How to Approach Your Novel: Thinking about YOUR Process for Big Things
Last Sunday I attended an in-person workshop called “Big Work” at my local writing center (and if you can find workshops at your local writing center, then please go! I don’t know why I waited so long to do this). The goal of this particular workshop was to talk about novel-length projects, whether fiction or nonfiction, and some tips and tricks for getting them done. It was awesome and I certainly learned a lot.
But the biggest light bulb moment that came for me though wasn’t some magic trick for sitting down and actually doing the damn writing. It was actually about reframing the way I think about the process altogether.
As a pre-homework assignment, we were asked to think about the way we tackle “big things.” The goal was not to think about creative work, but other life events: welcoming a new pet or baby into the home, moving to a new place, planning an event. The overarching questions: How do you approach “big things” and what can you learn from your process?
I started thinking about the biggest creative things I’ve completed thus far. That list includes:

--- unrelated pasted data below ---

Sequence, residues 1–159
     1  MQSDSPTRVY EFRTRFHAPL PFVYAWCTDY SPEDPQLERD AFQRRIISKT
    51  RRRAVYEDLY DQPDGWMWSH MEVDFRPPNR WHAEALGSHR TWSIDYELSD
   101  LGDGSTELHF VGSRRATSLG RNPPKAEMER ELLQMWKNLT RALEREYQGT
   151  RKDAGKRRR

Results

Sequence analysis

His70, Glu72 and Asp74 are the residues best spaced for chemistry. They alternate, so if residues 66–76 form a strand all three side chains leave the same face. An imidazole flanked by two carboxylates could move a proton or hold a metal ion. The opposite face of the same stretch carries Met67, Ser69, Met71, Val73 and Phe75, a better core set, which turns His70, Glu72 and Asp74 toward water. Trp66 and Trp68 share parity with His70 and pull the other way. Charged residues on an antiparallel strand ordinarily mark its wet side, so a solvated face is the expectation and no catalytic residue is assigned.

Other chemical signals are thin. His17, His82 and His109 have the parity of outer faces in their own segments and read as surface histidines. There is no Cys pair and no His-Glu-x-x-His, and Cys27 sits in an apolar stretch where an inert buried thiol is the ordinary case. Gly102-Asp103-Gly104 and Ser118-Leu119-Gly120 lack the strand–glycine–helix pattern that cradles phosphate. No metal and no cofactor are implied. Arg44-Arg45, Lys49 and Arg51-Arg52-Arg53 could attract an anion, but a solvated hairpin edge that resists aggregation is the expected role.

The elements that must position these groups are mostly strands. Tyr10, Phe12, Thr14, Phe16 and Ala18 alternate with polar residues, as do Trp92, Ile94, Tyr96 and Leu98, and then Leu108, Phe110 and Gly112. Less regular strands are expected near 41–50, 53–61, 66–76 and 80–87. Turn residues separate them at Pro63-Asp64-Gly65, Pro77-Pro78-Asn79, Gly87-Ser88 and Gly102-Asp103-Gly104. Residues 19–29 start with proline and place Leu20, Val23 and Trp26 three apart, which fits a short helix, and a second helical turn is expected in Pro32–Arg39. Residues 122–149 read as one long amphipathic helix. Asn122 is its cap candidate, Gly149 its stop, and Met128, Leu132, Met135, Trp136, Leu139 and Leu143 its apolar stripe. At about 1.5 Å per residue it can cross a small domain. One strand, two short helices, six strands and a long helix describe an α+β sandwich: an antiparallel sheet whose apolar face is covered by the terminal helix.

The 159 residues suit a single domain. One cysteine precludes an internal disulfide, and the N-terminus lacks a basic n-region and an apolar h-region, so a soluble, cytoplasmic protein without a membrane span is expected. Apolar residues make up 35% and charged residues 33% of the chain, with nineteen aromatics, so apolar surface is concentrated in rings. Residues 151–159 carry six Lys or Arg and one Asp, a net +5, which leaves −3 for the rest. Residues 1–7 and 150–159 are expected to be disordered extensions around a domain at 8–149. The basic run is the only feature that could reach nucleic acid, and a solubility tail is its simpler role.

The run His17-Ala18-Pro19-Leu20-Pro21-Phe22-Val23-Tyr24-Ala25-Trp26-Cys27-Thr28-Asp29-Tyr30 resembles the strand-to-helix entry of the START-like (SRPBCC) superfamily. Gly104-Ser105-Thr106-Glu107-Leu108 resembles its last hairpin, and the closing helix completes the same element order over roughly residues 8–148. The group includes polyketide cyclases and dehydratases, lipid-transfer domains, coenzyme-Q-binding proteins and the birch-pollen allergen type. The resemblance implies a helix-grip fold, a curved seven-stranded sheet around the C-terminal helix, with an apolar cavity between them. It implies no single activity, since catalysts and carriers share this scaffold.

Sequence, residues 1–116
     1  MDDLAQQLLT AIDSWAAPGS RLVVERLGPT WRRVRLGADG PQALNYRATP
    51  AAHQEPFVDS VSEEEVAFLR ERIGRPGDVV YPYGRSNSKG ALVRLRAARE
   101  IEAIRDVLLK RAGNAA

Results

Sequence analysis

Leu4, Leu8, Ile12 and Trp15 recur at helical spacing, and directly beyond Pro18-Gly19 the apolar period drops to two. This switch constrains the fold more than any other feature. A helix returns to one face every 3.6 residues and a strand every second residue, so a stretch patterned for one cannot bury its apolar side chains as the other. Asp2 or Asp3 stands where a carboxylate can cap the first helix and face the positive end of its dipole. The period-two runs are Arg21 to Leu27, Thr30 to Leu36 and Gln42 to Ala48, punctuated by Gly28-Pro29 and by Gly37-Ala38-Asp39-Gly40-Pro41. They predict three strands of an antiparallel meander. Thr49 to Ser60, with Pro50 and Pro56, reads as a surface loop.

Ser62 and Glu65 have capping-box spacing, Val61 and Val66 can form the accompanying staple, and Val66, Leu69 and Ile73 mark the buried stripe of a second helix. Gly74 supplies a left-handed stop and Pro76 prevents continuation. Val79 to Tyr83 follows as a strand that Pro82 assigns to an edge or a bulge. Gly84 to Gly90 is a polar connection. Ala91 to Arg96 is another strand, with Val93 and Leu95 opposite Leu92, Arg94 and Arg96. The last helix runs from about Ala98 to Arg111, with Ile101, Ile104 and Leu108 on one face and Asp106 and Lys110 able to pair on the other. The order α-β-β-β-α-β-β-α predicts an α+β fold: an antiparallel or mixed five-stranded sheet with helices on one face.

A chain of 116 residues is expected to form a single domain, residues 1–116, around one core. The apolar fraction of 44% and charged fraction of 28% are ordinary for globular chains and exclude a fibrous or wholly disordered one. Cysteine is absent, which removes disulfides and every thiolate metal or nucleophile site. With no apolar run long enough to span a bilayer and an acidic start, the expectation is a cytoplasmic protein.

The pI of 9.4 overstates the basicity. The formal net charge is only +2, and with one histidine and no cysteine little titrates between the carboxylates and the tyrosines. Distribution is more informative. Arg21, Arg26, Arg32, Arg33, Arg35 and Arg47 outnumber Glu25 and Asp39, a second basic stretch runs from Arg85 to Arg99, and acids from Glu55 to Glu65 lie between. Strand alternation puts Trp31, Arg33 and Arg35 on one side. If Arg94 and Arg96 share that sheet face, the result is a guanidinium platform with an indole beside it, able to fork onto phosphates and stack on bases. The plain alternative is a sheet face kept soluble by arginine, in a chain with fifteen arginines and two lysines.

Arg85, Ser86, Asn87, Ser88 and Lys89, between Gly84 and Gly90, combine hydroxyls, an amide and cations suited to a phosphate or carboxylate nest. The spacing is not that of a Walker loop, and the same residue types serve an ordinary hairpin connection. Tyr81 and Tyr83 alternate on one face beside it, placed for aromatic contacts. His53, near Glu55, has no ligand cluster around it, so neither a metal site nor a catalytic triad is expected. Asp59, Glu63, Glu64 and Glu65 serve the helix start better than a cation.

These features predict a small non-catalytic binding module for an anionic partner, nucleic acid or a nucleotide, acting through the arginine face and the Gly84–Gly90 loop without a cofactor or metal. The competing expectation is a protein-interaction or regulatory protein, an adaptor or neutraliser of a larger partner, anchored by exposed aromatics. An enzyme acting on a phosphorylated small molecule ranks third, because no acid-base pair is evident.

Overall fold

- a NaNoWriMo novel (that is forever lost to the interwebs, and that’s a good thing)
- a self-published book as my high school thesis
- a collection of short stories for my undergraduate thesis
All in all, this seemed to be a good collection of “big things” to draw inspiration from when figuring out just how the heck I was going to write this novel I want to write.
But even though these things provide proof that I can do this, evidence that I am capable of tackling a novel (which is certainly necessary and helpful to boost my confidence), they don’t seem to accurately reflect how I go about “big things”. They don’t speak to my systems or determine what my process is.
When I think back to these times, the act of doing the damn thing is preserved in my mind as easy, organic, simply sitting down and doing it. And that’s not fair. My past selves are NOT more talented or disciplined or natural at completing a project compared to me now. If anything, I must be in a more capable place (more educated, more motivated, more excited) than I’ve ever been, right?
So I recalled a non-creative project: my recent move to a new apartment